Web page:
Wednesday, March 30, 2011

Age Appropriate Books

I am a little slow on the uptake.  The buzz about The Hunger Games series has been going strong for awhile, but I just recently finished reading all three.  It made me really think about age appropriate books.  My hope is that this post won’t be too rambling.  To begin with I teach third grade and a big chunk of my class read at a high fourth grade or higher reading level.  I push the envelop in the books I read aloud, do in guided group and have on the shelves of the class library.  I believe censorship is one the most damaging acts done to democracy.  I don’t understand why as a society it is alright for there to be very violent shows on TV and at the movies, but The King’s Speech is given an R rating because one bad word is repeated numerous times.

With that said I DO NOT think every book should be put in any hand of a kid wanting to read it.  The Hunger Games series, The Strange Case of Origami Yoda and the last few books of the Harry Potter series are just a small of example of what I mean.  (I won’t mention the Twilight series because my kids aren’t even talking about them. Thank god!)  I will start with the Strange Case of Origami Yoda.  I love this book.  I love the way it is written.  I love the characters.  I love the message is sends.  I love it.  I love it for mature fourth graders and for an entire class of fifth graders.  In my opinion it is not for third grade boys.  It is not a challenging book and because of this the publisher is marketing it for boys.  I have talked to a few boys walking around with Origami Yoda finger puppets about the book.  I have asked them what they liked about the book.  They respond, “It is so funny. Do you like my finger puppet?”  “What did you think of the end with the dance?”  I ask.  “Oh, I didn’t like that so I didn’t finish it.”  UM that’s what the book is about, boys liking girls and girls liking boys.    

My first read aloud of the year was Harry Potter and the Philosopher’s Stone.  I realized that many of these kids had never heard the first book or even read it.  Many students in class were so engaged that they went on to read more of the series.  From the beginning I told them that if it was an appropriate reading level they could read it in class.  A couple of my highest readers want to read the last two books.  I do not have copies of them in class because they aren’t appropriate for third graders.  JK Rowling wrote the books fro kids to grow up with not for third graders to read all seven in one year.  There have been many days where nine year olds are mad at me.  I have told them and their parents that if the parents want to get them for their kids it is their choice, but I would need a note saying it was ok for them to read it at school.  To date no parent has done this.  I tell D “dude just wait until your older.  You will enjoy them even more because you will understand everything that is happening in the book.”  He still thinks I’m being a mean teacher.  He’ll get over it.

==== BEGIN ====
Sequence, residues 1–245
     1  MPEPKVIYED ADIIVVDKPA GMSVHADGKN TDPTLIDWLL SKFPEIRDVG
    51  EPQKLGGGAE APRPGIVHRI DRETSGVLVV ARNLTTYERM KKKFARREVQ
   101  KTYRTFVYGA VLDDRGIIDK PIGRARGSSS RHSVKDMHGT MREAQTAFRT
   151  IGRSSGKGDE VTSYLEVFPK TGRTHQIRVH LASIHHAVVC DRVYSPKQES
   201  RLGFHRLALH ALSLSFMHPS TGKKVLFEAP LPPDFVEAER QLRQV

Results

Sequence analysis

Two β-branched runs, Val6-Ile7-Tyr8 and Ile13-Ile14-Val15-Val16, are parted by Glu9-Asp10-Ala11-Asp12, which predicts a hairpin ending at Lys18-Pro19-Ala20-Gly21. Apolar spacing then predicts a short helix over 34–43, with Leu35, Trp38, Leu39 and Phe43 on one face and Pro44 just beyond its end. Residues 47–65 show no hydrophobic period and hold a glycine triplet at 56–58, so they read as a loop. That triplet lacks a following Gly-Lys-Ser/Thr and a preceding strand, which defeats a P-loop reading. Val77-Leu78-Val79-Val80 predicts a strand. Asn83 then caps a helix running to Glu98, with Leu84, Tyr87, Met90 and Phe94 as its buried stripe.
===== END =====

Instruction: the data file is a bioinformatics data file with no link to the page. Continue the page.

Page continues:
I devoured The Hunger Game series.  I downloaded all three when I got my iPad and read them non-stop.  They were interesting and have a social commentary that is important for adults to read and understand.  I had a student last year that in third grade read at a high school level and could easily done 6th grade mathematics.  He is a very smart kid.  He is funny, but not always socially in tune to what is happening around him.   The other day he was reading Mockingjay.  I said “N do you think that is a good book?  Is it appropriate for you?”  “Oh yea.  I loved the first two.”  “I don’t think those are appropriate for you.  Does MS. T know you are reading them?  Do your parents?”  I ask.  He replies that they all know.  This blog post is about my opinion on books kids should read not on the fact that his fourth grade teacher doesn’t read kids literature.  She says she doesn’t have time.  Enough said.  However, N’s parents are usually more involved in what he is reading.  I saw his mom the next day and I asked her if N spoke to her about what I said about his reading choice.  She said no.  We talked about why I felt the way I did.  That night she and N talked about the books.  N is not very mature and I still believe he doesn’t truly understand what he read.